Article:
Born for an Air-Force family members in Colorado Springs, Colorado, Crash spent his early child years within the vagabond design of army life. The majority of his early teaching began from watching character, where he obtained a deep gratitude for the organic order of items. He appeared to develop a knowledge of light and color and how items related to each other. Together with his observations of present character, he was also intrigued with visions of what was previously, namely prehistoric animals. He delved in to the research of Paleontology and quickly found the relationship between factual technology as well as the powers from the imagination to become the perfect screening floor for creating that which was once just an environment of dream. Crash produced the proclamation that, when he was raised, he would ‘perform dinosaurs.’
Crash received a scholarship or grant to the Artwork Center University of Style, in Pasadena, graduating having a BFA in illustration in 1988. That same year he met Stan Winston – consequently establishing a working relationship that would last for 12 years. Crash’s first design challenge was Predator II, directed by Stephen Hopkins. He soon found himself immersed in the work that he could before only admire as a fan. Soon after, he collaborated with Tim Burton for “Edward Scissorhands.” Burton was indeed a hero of Crash’s, and as such, Crash reveled in the collaboration. Incorporating the facial features of actor Johnny Depp, Crash translated Burton’s concepts into three different illustrations, one of which was selected as the final look for the character. Immediately following was James Cameron’s epic science fiction sequel “Terminator 2.” With Cameron’s background in art direction, Crash was challenged to satisfy the eye of a brilliant artist as well as director. Working once again with Tim Burton, Crash was asked to design the Penguin makeup Danny DeVito would wear in “Batman Returns.” The result was an unforgettable character that redefined the villainous role portrayed in the comic books and distanced itself, through originality, from the television series of the ’60’s and ’70’s. This design also attained a makeup Academy nomination for best make-up in a film. The following year, “Jurassic Park” finally gave Crash the opportunity to work with whom he considers to be one of the greatest minds in filmmaking, Steven Spielberg, while also fulfilling his childhood prophecy – he was about to ‘do dinosaurs’ – and do them in an entirely unprecedented fashion. A whole new vision of dinosaurs, a whole new take on a kind of movie that had been done a million times before – essentially, breaking the mold.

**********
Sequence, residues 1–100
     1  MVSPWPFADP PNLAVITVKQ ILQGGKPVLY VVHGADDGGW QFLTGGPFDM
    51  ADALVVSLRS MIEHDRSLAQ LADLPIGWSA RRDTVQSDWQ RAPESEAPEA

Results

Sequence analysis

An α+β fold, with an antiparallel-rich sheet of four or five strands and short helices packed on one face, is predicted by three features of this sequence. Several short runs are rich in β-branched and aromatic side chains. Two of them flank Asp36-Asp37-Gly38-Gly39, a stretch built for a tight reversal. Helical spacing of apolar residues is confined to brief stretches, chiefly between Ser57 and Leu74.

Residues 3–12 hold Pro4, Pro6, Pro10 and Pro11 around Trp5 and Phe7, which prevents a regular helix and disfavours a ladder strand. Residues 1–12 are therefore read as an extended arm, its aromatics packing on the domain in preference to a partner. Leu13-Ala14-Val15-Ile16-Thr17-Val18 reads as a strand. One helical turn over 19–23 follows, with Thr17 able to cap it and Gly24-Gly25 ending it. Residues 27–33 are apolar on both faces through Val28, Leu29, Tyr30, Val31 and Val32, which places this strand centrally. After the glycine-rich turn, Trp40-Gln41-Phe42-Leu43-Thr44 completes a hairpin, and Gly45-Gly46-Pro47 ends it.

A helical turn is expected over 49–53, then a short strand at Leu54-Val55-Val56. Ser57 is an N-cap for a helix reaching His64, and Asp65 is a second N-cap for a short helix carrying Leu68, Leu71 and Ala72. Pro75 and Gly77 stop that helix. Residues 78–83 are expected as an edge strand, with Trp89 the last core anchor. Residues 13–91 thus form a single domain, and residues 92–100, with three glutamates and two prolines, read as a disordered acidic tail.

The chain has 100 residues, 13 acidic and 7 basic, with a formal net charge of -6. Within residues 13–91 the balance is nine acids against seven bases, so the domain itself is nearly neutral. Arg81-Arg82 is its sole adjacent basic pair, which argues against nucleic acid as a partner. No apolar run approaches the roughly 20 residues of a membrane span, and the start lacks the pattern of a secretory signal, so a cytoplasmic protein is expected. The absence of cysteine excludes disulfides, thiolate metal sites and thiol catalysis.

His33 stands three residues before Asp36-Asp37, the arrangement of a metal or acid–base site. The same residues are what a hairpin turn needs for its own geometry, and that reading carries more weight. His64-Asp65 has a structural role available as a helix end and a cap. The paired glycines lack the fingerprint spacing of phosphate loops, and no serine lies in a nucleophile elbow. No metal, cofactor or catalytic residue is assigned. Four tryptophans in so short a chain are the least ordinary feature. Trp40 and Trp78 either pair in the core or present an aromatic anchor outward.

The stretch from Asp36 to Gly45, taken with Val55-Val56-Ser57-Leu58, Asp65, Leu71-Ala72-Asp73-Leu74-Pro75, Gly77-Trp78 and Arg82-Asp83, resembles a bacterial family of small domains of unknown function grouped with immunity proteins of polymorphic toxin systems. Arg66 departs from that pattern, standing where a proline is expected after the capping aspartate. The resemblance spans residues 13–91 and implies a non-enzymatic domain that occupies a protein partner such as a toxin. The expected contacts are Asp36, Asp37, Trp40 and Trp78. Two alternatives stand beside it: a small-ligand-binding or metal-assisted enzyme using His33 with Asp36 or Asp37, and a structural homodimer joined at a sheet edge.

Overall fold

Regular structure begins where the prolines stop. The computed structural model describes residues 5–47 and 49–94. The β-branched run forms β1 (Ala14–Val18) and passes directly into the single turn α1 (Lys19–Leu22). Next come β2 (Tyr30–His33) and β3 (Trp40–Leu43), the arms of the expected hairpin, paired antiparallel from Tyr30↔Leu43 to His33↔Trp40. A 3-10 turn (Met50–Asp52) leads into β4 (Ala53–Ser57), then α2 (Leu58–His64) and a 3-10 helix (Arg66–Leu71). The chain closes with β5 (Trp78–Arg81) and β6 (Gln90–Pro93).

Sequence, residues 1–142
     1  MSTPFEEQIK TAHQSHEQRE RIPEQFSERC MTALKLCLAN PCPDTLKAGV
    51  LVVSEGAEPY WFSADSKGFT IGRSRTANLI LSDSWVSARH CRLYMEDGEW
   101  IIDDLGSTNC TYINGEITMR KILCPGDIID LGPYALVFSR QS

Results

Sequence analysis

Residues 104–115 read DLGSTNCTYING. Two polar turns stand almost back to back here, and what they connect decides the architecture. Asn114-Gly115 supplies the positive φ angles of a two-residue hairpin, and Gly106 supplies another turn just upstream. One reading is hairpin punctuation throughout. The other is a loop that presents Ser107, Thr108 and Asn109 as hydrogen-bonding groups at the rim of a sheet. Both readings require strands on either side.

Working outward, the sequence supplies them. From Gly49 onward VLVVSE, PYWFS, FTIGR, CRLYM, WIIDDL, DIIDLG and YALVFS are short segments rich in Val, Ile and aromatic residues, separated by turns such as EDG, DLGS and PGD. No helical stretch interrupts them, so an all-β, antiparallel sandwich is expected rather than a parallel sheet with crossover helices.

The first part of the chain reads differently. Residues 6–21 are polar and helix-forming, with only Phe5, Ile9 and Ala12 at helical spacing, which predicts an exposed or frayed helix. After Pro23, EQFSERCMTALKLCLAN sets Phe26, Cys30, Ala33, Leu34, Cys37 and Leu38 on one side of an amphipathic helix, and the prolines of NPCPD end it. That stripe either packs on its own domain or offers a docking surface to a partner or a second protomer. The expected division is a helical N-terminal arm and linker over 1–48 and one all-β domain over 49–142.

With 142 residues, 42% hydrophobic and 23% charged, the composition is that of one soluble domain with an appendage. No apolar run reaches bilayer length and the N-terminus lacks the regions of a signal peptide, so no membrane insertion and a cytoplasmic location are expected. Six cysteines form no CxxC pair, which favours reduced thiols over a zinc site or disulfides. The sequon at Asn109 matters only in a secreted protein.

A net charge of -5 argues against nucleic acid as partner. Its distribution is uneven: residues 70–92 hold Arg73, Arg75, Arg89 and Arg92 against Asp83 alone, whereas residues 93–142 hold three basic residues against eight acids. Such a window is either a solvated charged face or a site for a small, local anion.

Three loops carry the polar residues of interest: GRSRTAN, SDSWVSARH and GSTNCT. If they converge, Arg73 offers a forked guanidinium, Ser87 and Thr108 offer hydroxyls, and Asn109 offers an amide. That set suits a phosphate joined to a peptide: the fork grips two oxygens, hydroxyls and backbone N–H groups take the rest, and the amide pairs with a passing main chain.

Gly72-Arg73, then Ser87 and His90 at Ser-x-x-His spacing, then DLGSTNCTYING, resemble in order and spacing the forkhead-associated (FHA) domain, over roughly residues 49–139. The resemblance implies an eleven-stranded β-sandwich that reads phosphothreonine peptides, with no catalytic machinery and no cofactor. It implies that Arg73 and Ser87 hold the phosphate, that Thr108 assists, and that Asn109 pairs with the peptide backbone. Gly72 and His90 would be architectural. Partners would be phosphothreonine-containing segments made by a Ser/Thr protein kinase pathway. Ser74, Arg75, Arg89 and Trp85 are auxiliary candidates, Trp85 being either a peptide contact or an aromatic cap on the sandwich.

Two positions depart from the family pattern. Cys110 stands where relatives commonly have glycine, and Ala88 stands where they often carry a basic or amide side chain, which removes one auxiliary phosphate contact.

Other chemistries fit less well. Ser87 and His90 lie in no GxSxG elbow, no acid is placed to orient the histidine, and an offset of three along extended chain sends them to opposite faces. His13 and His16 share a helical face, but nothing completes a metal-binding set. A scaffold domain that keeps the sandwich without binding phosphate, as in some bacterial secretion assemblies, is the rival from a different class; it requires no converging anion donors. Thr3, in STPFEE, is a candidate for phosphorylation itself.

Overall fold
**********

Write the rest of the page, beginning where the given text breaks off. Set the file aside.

After a decade of designing some of the greatest iconic film characters in movie making history, Crash’s notoriety began to escalate, driving him into a category he could only dream of as a young boy, being referred to as one of the top five in his profession. Crash went on to create a multitude of characters for the major studios biggest releases, working non-stop for a two year period with films such as Disney’s “Inspector Gadget,” Dreamworks’ “Galaxy Quest,” Universal’s “End of Days,” where he was reunited with director Peter Hyams, and Dreamworks “What Lies Beneath” the Hitchcockian murder mystery directed by Robert Zemeckis. After having mastered the ability to create artwork that captured the essence of storytelling, it was natural that Crash would develop a desire to tell stories in a literal sense, and thus began studying the art of writing in 1998 while continuing to build his repertoire of character designs.